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Dow Contamination Site Could Be Worst Ever In U.S.

Dioxin find at the bottom of Michigan's Saginaw River level is about 20 times higher than any other find recorded in the EPA archives.

SAGINAW, Michigan (AP) β€” A dioxin find at the bottom of Michigan's Saginaw River could be the highest level of such contamination ever discovered in a U.S. river or lake, according to a federal scientist involved in cleanup efforts downstream from a Dow Chemical Co. plant.
 
A crew testing the Saginaw and Tittabawassee rivers discovered the sample, which measured 1.6 million parts of dioxin per trillion of water, The Saginaw News and The Detroit News reported last week. That level is about 20 times higher than any other find recorded in the archives of the U.S. environmental agency.
 
''There may be more surprises out there,'' said Milton Clark, a health and science expert for the U.S. Environmental Protection Agency. ''I'd be surprised if there's not more surprises out there.''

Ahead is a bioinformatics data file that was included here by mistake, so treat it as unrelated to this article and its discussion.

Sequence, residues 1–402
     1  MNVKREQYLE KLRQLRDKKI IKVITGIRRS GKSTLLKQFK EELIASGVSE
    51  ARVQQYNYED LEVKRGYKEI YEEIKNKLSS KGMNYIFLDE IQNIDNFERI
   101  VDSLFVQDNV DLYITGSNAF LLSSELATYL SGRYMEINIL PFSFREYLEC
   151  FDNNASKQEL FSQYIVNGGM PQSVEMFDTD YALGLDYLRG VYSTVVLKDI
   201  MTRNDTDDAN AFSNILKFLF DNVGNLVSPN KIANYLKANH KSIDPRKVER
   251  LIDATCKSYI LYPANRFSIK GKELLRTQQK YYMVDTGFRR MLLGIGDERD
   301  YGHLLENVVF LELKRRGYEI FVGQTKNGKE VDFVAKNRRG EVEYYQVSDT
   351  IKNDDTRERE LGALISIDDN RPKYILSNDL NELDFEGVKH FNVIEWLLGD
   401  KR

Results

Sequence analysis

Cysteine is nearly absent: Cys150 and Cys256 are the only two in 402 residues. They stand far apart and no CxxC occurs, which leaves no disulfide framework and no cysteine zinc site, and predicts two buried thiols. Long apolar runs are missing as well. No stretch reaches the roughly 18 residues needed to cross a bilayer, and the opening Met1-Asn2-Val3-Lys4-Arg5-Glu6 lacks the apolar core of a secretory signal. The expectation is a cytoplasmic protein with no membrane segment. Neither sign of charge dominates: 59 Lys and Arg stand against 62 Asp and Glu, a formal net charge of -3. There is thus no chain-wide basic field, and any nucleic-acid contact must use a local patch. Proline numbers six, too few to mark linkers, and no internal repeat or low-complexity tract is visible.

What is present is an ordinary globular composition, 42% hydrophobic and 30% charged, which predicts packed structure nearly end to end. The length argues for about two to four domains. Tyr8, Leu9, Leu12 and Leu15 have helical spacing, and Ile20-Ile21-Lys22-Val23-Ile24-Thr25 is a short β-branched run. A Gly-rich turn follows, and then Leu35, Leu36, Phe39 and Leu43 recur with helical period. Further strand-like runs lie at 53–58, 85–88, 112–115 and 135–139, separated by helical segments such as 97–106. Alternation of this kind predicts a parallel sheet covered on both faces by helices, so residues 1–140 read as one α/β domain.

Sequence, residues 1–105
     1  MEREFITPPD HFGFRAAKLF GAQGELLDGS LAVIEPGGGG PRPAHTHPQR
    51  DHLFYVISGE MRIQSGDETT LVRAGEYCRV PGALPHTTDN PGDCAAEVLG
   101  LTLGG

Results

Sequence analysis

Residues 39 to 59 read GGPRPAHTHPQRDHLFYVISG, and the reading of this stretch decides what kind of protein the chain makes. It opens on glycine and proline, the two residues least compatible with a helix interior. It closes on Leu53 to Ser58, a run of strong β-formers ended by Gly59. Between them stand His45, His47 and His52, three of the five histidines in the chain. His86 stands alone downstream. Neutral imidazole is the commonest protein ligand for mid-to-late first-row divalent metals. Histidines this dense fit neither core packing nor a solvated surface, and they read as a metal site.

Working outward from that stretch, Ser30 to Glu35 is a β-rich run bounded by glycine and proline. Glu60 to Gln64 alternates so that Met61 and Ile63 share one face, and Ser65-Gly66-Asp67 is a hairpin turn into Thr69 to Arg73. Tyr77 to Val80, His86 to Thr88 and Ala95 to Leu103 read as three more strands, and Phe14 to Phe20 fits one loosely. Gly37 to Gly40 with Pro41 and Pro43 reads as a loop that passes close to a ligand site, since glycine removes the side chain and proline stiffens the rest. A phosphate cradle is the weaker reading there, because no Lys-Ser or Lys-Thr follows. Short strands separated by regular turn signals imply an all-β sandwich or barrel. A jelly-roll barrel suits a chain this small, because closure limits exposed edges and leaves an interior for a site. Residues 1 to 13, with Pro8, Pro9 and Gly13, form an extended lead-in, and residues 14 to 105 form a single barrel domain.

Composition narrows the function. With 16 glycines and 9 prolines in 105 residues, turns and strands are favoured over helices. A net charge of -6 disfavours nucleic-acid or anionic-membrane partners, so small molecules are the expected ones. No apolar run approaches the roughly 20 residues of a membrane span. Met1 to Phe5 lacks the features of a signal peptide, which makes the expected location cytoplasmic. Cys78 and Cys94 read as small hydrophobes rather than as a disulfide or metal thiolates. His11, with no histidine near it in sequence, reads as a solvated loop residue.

State guidelines require corrective action on contamination above 1,000 parts per trillion.
 
Dioxins are toxic byproducts of the manufacture of chlorine-based products, and some have been linked to cancer and other health problems.
 
Dow is removing three dioxin concentrations along a six-mile stretch of the Tittabawassee. The company plans to remove the latest find, Dow spokesman John C. Musser said.
 
The Michigan Department of Community Health is warning against eating carp, catfish and white bass β€” fish that feed near the riverbed where contaminants are buried.
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